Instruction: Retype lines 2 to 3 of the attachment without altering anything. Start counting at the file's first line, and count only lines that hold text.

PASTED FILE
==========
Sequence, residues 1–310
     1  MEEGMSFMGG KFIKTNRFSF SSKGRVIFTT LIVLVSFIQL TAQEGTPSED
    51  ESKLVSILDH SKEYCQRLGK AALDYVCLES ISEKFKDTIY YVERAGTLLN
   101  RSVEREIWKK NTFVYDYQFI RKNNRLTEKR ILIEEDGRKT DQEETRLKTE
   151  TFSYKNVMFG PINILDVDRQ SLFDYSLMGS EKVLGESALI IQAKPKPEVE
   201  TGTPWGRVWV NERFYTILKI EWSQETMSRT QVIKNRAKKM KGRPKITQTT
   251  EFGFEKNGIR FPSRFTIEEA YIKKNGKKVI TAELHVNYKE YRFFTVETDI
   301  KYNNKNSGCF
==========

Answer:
     1  MEEGMSFMGG KFIKTNRFSF SSKGRVIFTT LIVLVSFIQL TAQEGTPSED
    51  ESKLVSILDH SKEYCQRLGK AALDYVCLES ISEKFKDTIY YVERAGTLLN